One of the joys of going to the 24 Hours of Le Mans is seeing the rare-to-me European cars that usually inhabit my dreams; Cerberas, Meganes, Viasas, Tourneos! The car I took the most photos of on the trip? Commercial variations of the Dacia Duster, which is Romania’s curiously cheap and beloved (by me) [Editor’s Note: Not just you! – JT] crossover. It’s absolutely a vehicle Nissan should import if Nissan wants to make me happy.
First, look at this thing.
This is the newly released Dacia Duster Commercial, which includes the brand’s new logo design. Would you believe me that for £13,995 pre-tax (about $16,950) you could have this magnificence? Check out the taillights, which look like mini flux capacitors:
It’s substantially similar to the regular Dacia Duster anyone in the United Kingdom and Europe can buy, albeit with a few key differences. The rear windows are covered in an “opaque film” and the seats in the back are gone in favor of a flat-floor separated from the front with a large bulkhead.
This gives you, roughly, a hair over 57 cubic feet. This slots in between the approximately 35 cubic feet of the adorable, Pokeman-esque Ford Fiesta Cargo, and the 116+ cubic feet you’d get with a purpose-built van like a Kangoo.
The soft-sided cargo area with all of the lashing eyes makes this ideal for a florist or other delivery person who is moving a lot of smaller items as opposed to a few larger ones. It’s also a great platform for specific needs like the below Dacia Duster fire support vehicle:
The purposefulness of this is just overwhelming and makes me delighted in ways I don’t feel comfortable discussing on the Internet. It’s also relatively efficient, which is good for businesses anywhere but especially in Europe where there are increasingly lucrative tax incentives to purchase cars with lower emissions and better mileage.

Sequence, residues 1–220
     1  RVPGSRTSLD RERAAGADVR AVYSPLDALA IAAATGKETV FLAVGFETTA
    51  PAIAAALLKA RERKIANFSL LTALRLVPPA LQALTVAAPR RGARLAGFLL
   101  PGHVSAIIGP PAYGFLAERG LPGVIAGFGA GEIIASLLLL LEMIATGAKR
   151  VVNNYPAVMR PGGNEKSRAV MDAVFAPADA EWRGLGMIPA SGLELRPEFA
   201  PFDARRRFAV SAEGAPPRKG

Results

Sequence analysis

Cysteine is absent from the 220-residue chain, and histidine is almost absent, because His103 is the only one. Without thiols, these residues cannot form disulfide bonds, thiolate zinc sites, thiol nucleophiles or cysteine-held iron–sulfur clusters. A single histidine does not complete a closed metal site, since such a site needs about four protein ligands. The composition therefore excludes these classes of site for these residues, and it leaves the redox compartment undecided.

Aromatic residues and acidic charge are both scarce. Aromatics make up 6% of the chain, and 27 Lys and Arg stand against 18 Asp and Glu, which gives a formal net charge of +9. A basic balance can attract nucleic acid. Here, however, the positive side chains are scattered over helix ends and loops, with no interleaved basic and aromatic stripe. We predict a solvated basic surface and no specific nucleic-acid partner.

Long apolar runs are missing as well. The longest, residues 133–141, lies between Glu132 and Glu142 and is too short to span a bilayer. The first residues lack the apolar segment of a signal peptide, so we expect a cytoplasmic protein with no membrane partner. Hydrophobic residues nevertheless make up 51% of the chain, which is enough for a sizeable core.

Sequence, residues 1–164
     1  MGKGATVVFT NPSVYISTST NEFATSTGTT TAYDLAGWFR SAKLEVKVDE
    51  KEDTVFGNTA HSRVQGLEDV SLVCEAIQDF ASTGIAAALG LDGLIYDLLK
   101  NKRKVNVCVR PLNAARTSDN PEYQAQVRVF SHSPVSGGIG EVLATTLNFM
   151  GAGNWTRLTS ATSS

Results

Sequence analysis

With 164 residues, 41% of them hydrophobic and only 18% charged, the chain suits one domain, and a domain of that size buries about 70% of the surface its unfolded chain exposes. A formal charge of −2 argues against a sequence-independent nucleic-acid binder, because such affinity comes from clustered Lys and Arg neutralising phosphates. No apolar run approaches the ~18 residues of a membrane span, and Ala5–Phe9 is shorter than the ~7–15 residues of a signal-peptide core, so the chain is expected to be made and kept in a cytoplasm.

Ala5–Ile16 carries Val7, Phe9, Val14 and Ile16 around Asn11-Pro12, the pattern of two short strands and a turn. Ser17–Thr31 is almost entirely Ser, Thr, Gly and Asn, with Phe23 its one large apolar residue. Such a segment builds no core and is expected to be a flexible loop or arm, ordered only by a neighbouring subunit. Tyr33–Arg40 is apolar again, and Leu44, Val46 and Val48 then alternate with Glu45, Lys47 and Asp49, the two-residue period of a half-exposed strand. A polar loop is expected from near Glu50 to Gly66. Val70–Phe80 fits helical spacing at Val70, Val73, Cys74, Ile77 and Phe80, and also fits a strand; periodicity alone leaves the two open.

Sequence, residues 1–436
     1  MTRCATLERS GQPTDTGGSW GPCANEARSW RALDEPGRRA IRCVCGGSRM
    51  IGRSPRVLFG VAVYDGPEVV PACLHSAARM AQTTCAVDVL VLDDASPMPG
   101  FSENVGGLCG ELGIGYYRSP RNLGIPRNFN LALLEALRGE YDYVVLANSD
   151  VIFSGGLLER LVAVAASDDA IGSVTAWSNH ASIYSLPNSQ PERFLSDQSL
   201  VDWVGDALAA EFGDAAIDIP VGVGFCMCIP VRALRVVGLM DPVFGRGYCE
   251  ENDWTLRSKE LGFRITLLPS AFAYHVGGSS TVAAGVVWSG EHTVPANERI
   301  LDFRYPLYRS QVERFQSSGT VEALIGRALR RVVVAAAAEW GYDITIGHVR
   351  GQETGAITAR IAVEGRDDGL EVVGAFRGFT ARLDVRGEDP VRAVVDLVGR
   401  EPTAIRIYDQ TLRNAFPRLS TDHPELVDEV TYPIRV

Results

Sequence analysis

There are various engines and configurations available, from a turbocharged 1.0-liter three-cylinder engine pumping out a glorious 90 horsepower to a gargantuan 1.5-liter diesel mill.
Dacia, if you weren’t aware, is owned by Group Renault. Despite at least one executive fleeing the country in the case of a stringed instrument, Group Renault and Nissan are trying to patch things up and are both financially and strategically aligned.
Nissan, as you may know, dropped their NV200 van from the United States, leaving a hole in the lineup for a small commercial vehicle! In the United Kingdom, you’re paying $21,512 sawbucks for a fully registered base model. The top-end 4×4 diesel version is still short of $29,000, which is still $5,000 less than a much larger and less interesting Metris Cargo.
Given that the Nissan Kicks and Duster share a platform this isn’t as ridiculous as it sounded when I started writing this article. I am not of the belief that my genius as a product planner has been accepted by automakers (almost certainly to their benefit), but this makes sense to me. Get to it Nissan!
All images courtesy Dacia or author